Forget a rewrite. It’s time to recant the chants.
The rallying cries of striking writers have received almost as much attention in the media coverage of the labor strife as all of those feet on the street. More than one commentator has noted that the quality of the fist-pumping prose seems unworthy of all the talent that has been summoned to shout the words.
Some of the chants are just old-fashioned union-label call-and-response crowd-pleasers a la “When I say ‘Union,’ you say ‘Power,’ ” and “What do we want? A fair contract. When do we want it? Now!”
Some are rhyme-centric and studio specific, such as one heard outside of Par’s iconic main gate: “Why are we standing outside this gate? ‘Cause we got screwed in ’88!” or “Who’s got more money than they can count? Par-a-mount!”
Some are a little ominous for their note of defiance, especially for those who lived through the “no justice, no peace” dark days of the 1992 L.A. riots: “No contract, no words.”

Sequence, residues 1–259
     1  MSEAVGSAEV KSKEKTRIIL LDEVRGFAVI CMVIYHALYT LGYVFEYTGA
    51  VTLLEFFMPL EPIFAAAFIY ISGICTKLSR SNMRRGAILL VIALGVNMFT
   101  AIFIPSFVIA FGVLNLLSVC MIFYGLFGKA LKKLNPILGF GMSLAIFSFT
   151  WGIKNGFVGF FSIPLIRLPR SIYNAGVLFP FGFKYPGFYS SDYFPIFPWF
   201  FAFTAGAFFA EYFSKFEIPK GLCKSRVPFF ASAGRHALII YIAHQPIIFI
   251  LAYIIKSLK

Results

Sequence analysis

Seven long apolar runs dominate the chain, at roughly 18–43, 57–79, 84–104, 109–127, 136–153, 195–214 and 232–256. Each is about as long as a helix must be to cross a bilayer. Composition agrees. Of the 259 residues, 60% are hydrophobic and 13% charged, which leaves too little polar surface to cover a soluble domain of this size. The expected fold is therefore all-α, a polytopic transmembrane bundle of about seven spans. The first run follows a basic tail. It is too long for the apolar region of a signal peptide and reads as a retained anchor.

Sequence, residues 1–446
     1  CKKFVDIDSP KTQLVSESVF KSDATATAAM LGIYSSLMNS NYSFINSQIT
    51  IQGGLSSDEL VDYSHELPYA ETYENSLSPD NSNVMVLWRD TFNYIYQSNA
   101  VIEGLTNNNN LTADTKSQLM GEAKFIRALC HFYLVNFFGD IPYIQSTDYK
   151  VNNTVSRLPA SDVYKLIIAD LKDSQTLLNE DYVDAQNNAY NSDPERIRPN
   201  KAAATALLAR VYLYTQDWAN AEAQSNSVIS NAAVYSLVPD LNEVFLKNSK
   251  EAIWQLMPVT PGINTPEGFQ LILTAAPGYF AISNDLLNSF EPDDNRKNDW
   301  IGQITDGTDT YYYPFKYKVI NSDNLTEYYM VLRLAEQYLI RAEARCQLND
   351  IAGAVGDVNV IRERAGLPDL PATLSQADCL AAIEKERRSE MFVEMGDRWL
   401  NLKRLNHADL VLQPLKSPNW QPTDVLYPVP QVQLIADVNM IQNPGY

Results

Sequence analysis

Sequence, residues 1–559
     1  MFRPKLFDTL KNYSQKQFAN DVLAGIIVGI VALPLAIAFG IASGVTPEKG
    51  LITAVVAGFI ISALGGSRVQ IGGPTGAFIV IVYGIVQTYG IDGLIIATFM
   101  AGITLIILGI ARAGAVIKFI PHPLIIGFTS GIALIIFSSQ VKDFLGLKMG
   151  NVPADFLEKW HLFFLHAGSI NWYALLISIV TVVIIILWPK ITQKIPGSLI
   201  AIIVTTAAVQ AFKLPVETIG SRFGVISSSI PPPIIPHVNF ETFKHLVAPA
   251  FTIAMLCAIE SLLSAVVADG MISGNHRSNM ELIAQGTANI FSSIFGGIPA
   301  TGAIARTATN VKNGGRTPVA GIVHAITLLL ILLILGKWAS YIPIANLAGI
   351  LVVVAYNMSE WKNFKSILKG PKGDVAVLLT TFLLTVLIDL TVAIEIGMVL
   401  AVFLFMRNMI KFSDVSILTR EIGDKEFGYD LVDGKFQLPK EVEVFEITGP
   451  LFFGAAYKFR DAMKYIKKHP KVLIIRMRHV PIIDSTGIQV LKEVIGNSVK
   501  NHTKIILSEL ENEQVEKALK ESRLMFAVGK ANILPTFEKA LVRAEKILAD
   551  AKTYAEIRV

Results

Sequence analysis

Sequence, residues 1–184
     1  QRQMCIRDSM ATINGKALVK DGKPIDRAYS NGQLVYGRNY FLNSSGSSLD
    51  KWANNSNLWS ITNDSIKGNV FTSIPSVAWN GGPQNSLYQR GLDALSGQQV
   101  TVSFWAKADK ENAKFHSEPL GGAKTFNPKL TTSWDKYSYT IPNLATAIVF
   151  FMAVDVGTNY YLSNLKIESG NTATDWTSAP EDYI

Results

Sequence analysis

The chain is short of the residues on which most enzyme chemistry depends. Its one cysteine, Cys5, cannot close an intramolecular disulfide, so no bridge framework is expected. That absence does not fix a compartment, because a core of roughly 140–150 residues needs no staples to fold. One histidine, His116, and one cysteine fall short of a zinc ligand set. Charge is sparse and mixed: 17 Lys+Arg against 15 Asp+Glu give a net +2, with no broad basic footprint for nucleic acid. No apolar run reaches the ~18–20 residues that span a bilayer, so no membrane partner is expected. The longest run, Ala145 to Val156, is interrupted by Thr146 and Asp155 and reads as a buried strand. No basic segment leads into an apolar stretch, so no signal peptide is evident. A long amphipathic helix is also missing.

Others have been just-plain silly: “We’re write! They’re wrong.”
But the nadir seemed to come Nov. 6 when a group of strikers disrupted a location shoot for “Desperate Housewives” with the noisy call: “We write the story-a for Eva Longoria!”
At least some of the scribes seem to have taken the criticism to heart: There was no chanting at all amid a strong turnout of pickets outside 20th Century Fox’s main gate on Day Four of the strike.